Summer school starts today. After three weeks at home, Maggie is chomping at the bit to get back to school. She got sick the week before Memorial Day, and spent four days in the ICU. She recovered at home for a week or so, finally returning to fighting form maybe five days ago. By then, school was out for the summer. She and I went out together every day, but that is not the same as hanging with her friends and spending the entire day engaged in activities.
Mom, too, is ready for school again. I am exhausted. Maggie requires care every second and the care is physically exhausting. It is a lot of lifting, standing, and multi tasking. My recently repaired shoulder is killing me and I need a break.
While awake, Maggie is really a two-person job - or she is for everyone but me. When I am on duty there is generally no second person to help (unless Steve is home), but when the nurses are here I am the second person. While the nurses take the lead I can do all the other stuff that Maggie requires, like order supplies, make my (almost daily) trip to the pharmacy, take her to appointments, schedule, juggle, and pay the nurses, and do all the paperwork so I can be reimbursed for that. We have nurses in the house 16 hours a day, including over night. The days Maggie is in school, I can get some of that ancillary work done and maybe find an hour or so for me. So, yeah, I am ready.
At 2:00PM on Friday afternoon, Maggie and I were at home and I heard a “pop” from her wheelchair. That is never a good noise. I looked over and she had sheared the bolts off her headrest. Maggie constantly moves and she extends through her spine pushing hard against the headrest. It is ironic, though, because despite all this power, her trunk and neck are very weak and she needs the full support of that headrest. Without it, she cannot use the chair.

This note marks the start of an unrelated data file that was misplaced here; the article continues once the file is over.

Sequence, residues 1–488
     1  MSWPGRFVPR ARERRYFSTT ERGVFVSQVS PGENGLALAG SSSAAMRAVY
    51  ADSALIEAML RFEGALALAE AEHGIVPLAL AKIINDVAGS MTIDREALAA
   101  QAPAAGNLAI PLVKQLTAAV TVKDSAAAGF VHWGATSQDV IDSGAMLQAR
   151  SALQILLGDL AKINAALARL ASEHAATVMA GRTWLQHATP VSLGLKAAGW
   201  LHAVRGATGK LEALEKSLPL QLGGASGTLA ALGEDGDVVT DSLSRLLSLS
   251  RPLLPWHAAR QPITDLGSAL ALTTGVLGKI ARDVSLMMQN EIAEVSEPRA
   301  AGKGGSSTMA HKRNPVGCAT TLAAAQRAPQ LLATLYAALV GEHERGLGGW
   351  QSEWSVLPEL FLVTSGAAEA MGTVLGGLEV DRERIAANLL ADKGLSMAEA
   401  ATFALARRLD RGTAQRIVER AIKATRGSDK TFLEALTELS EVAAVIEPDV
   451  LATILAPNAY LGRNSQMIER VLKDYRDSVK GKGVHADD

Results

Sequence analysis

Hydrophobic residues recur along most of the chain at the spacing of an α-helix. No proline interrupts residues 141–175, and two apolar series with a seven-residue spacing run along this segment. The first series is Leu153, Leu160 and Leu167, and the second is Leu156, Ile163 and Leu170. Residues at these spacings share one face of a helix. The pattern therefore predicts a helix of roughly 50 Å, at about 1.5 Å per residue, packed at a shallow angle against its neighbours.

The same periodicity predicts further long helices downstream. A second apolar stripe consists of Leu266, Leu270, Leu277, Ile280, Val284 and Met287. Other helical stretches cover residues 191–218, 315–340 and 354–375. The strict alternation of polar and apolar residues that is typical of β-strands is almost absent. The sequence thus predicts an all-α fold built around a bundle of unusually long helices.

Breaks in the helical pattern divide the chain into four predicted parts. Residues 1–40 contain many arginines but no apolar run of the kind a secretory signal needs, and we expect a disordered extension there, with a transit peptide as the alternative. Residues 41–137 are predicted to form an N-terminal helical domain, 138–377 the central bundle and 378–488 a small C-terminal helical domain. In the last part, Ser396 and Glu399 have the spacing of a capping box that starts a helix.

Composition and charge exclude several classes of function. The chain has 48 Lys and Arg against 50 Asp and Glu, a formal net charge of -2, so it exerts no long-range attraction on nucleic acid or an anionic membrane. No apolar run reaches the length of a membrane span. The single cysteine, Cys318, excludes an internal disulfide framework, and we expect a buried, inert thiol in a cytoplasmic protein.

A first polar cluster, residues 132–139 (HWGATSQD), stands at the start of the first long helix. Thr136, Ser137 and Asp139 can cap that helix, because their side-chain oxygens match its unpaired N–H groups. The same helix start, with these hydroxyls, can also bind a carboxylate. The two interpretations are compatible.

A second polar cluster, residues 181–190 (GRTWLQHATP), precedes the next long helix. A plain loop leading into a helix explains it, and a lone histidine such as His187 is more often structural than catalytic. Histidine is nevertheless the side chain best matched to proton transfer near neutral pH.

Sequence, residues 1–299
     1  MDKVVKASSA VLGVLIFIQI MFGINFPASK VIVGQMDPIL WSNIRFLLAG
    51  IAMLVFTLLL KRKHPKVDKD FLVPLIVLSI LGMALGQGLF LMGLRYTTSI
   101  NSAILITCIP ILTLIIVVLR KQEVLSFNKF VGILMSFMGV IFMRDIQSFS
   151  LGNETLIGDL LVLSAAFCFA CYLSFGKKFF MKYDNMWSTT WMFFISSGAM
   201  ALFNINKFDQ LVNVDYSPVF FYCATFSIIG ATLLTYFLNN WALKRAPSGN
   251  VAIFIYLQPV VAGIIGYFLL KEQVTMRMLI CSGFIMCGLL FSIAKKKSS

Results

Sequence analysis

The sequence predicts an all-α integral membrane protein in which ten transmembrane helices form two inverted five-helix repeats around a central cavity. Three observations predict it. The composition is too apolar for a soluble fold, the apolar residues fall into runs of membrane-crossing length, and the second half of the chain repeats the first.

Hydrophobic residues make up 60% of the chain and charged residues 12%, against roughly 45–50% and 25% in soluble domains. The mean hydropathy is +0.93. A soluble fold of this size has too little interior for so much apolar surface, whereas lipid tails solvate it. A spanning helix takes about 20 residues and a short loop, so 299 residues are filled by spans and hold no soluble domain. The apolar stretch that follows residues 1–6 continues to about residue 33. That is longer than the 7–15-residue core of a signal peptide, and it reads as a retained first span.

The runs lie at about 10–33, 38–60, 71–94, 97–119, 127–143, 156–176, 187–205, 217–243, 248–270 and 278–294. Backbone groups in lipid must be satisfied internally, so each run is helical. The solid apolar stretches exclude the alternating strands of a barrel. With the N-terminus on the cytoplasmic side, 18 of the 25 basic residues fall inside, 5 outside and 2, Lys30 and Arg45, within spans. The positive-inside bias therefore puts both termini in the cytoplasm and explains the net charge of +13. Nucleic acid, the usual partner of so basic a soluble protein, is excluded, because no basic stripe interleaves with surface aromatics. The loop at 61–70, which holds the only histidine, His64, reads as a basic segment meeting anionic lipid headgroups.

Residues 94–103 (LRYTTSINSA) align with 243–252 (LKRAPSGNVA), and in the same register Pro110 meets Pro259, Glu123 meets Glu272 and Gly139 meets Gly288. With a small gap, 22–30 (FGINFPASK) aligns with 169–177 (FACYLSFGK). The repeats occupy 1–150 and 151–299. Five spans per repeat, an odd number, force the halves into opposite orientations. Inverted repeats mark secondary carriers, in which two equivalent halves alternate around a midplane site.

Without the chair, she cannot leave the house. Without leaving the house, she cannot attend school. It had to be fixed. Steve can often cobble something together, but he was gone for the weekend. My “cobbling” skills involve duct tape and bungee cords, neither of which was going to work in this case.
I called the Wheelchairs of Berkeley, the place that fixes her chair. The office is in Berkeley, but there is a repair shop in the City too. You have to go through the office to schedule anything. They did not answer. I have the SF shop on my cell phone (there is lots of maintenance for Maggie’s chair.) Wonder of wonder, Chris answered. He knows us very well. I asked if he by any chance had any time immediately. He said he did but he would only be there until 4. The shop is downtown, I was alone with Maggie, and I could not transport her in the broken chair. The nurse was supposed to arrive at 2:30. If everything went absolutely perfectly, this could actually happen.
I took all of the stuff off Maggie’s chair – the talker bag, the suction machine, the ambu bag, the emergency trach etc. It was ready to roll if the nurse showed up on time. She did!! I took off like a shot. As I drove downtown weaving through Friday afternoon traffic, I felt elated. Things never fall into place like that for me. Chris had it fixed in an hour. Maggie and I went out several times over the weekend.
Last night I told her Maggie she was going to school today. She was delighted. So was I. We went through the prep in an exaggerated manner, programming her communication device and getting all the supplies. She is so happy to be returning.
I got up at 6 and hopped in the shower. Her bus comes at 7:30 and the out the door ritual takes a good hour. While I was in the shower, the phone rang waking Steve out of a dead sleep.
It was the school nurse, the one who cares for Maggie while at school. (She has a different nurse for this week; her regular nurse will be back next week). The person whose presence allows me the first break I have had in three weeks.
She is sick. And apparently, there is no replacement. (None that I’ve heard, yet) That means Maggie cannot go to school. Or, she can go if I go with her and act as her nurse; but of course, she cannot take the bus without the nurse, so I also have to act as bus driver.
I have to go pack my lunch.